September 11, 2014

Study Sheds Light on Ashkenazi Jewish Genome and Ancestry

Ashkenazi Population Bottleneck Model
The consortium’s model of Ashkenazi Jewish ancestry suggests that the population’s history was shaped by three critical bottleneck events. The ancestors of both populations underwent a bottleneck sometime between 85,000 and 91,000 years ago, which was likely coincident with an Out-of-Africa event. The founding European population underwent a bottleneck at approximately 21,000 years ago, beginning a period of interbreeding between individuals of European and Middle Eastern ancestry. A severe bottleneck occurred in the Middle Ages, reducing the population to under 350 individuals. The modern-day Ashkenazi community emerged from this group.

An international research consortium led by Associate Professor Itsik Pe’er has produced a new panel of reference genomes that will significantly improve the study of genetic variation in Ashkenazi Jews. Using deep sequencing to analyze the genomes of 128 healthy individuals of Ashkenazi Jewish origin, The Ashkenazi Genome Consortium (TAGC) has just published a resource that will be much more effective than previously available European reference genomes for identifying disease-causing mutations within this historically isolated population. Their study also provides novel insights into the historical origins and ancestry of the Ashkenazi community. A paper describing their study has just been published online in Nature Communications.

The dataset produced by the consortium provides a high-resolution baseline genomic profile of the Ashkenazi Jewish population, which they revealed to be significantly different from that found in non-Jewish Europeans. In the past, clinicians’ only option for identifying disease-causing mutations in Ashkenazi individuals was to compare their genomes to more heterogeneous European reference sets. This new resource accounts for the historical isolation of this population, and so will make genetic screening much more accurate in identifying disease-causing mutations.

In an article that appears on the website of Columbia University’s Fu Foundation School of Engineering and Computer Science, Dr. Pe’er explains:

“Our study is the first full DNA sequence dataset available for Ashkenazi Jewish genomes... With this comprehensive catalog of mutations present in the Ashkenazi Jewish population, we will be able to more effectively map disease genes onto the genome and thus gain a better understanding of common disorders. We see this study serving as a vehicle for personalized medicine and a model for researchers working with other populations.”

In addition to offering an important resource for such future translational and clinical research, the paper’s findings also provide new insights that have implications for the much debated question of how European and Ashkenazi Jewish populations emerged historically.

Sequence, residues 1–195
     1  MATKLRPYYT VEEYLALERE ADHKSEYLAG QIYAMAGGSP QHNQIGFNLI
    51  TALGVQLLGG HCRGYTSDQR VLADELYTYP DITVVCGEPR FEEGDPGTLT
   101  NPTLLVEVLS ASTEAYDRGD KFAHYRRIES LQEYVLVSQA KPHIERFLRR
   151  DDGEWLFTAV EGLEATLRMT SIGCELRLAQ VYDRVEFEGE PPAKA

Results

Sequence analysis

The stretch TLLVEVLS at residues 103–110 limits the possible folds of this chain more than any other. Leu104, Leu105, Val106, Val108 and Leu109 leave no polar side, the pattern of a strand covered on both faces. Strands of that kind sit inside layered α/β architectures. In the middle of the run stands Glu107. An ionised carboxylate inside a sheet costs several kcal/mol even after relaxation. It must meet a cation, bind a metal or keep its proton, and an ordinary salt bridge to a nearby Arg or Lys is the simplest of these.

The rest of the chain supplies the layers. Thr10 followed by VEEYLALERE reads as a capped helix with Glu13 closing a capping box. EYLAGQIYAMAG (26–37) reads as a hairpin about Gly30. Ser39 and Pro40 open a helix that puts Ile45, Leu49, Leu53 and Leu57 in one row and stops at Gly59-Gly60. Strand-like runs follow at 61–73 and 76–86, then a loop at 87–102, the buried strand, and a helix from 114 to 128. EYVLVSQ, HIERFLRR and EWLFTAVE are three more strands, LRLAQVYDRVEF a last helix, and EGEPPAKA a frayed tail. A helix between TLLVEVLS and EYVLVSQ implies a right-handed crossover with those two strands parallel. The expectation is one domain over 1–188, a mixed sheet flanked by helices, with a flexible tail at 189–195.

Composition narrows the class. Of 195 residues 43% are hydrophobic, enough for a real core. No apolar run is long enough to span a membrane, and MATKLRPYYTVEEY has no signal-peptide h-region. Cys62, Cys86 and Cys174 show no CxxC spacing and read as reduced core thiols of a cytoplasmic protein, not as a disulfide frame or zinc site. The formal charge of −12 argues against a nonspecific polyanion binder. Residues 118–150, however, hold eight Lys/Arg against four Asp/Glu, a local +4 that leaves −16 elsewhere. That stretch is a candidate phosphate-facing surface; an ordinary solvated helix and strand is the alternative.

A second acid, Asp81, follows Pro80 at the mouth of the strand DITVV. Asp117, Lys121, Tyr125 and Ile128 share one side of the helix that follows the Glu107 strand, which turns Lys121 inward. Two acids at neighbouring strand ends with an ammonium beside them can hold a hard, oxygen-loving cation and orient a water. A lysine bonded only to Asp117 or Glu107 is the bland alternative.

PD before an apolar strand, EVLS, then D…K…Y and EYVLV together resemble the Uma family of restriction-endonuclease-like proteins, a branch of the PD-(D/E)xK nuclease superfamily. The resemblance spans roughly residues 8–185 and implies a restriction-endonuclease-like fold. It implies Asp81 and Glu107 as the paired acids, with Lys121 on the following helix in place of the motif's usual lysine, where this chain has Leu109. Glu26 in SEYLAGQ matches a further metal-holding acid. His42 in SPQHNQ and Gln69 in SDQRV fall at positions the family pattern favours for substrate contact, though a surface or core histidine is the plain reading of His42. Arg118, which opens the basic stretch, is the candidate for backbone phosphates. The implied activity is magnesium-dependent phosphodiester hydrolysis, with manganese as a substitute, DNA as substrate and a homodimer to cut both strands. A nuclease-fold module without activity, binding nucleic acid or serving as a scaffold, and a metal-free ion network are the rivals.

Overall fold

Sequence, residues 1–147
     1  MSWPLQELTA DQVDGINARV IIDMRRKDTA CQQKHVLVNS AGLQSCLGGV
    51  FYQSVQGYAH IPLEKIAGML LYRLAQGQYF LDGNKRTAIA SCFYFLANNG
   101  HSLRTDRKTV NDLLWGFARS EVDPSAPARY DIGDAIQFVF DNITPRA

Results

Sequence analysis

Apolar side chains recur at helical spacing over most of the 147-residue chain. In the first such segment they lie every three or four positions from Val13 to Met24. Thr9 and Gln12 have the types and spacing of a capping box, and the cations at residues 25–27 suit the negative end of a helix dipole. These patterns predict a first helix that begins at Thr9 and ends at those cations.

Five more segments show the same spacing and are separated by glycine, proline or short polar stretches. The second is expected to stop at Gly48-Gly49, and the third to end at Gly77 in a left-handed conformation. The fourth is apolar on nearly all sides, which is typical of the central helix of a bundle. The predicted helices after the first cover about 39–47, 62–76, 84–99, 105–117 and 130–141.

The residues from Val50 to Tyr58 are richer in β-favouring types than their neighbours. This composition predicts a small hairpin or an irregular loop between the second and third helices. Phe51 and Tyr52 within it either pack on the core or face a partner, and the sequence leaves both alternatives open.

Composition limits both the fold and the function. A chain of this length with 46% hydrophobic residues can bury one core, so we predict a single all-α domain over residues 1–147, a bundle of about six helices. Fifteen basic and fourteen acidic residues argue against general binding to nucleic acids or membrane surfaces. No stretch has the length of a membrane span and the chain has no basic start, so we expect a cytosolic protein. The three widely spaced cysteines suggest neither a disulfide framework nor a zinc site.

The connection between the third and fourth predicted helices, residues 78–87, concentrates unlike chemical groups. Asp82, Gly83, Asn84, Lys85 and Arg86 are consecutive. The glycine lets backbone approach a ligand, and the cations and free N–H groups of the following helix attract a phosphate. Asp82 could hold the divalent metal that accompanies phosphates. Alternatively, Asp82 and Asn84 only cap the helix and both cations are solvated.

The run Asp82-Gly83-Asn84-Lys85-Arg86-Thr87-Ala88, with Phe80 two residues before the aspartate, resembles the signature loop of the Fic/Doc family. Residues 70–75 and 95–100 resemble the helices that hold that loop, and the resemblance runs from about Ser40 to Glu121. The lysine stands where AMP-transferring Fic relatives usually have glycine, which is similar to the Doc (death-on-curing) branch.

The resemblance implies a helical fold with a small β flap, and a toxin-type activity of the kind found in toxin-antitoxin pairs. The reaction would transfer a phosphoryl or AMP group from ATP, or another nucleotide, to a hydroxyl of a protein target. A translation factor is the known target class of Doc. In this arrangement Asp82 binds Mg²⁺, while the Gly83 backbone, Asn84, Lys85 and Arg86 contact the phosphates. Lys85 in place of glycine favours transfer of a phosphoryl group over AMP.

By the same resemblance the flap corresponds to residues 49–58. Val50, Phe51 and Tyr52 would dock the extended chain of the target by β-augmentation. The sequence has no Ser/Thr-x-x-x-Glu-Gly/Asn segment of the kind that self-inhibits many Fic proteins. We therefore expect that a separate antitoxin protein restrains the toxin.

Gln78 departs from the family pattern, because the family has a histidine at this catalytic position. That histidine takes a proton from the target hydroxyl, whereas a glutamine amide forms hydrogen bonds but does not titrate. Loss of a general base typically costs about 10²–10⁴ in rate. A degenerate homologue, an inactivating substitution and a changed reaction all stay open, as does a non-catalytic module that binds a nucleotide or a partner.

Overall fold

By analyzing the proliferation of long nucleotide sequences that are identical in the unrelated individuals in their sample, the researchers determined that a population bottleneck of approximately just 350 Ashkenazi Jewish individuals occurred in central Europe about 700 years ago, followed by an exponentially rapid population increase. The findings suggest that the ancestry of all present-day Ashkenazi Jews can be traced back to this small population.

Moreover, by comparing the genomes of Ashkenazi Jews with those of Flemish origin, the researchers found strong evidence that the ancestry of the modern-day Ashkenazi can be traced to a fairly even mixture of European and Middle Eastern descent. Cross-breeding appears to have occurred at approximately the same time as the Ashkenazi bottleneck, suggesting that when Jewish migrants arrived in Europe from the Levant they mixed with the local population.

The consortium’s findings also indicate that modern European ancestry can be traced to migration from the Middle East following the last great ice age, approximately 12,000-25,000 years ago. Others have argued that Europe was populated by an earlier migration from Asia more than 40,000 years ago, though this study provides strong evidence against that hypothesis.

The whole genome sequence data produced by this study are available at the European Genome-Phenome Archive. Dr. Pe’er anticipates that it will become a resource for other scientists interested in population genetics and personalized medicine. 

Chris Williams


Related publications

Carmi S, Hui KY, Kochav E, Liu X, Xue J, Grady F, Guha S, Upadhyay K, Ben-Avraham D, Mukherjee S, Bowen BM, Thomas T, Vijai J, Cruts M, Froyen G, Lambrechts D, Plaisance S, Van Broeckhoven C, Van Damme P, Van Marck H, Barzilai N, Darvasi A, Offit K, Bressman S, Ozelius LJ, Peter I, Cho JH, Ostrer H, Atzmon G, Clark LN, Lencz T, Pe'er I. Sequencing an Ashkenazi reference panel supports population-targeted personal genomics and illuminates Jewish and European origins. Nat Commun. 2014 Sep 9;5:4835.

Visit The Ashkenazi Genome Consortium for additional coverage.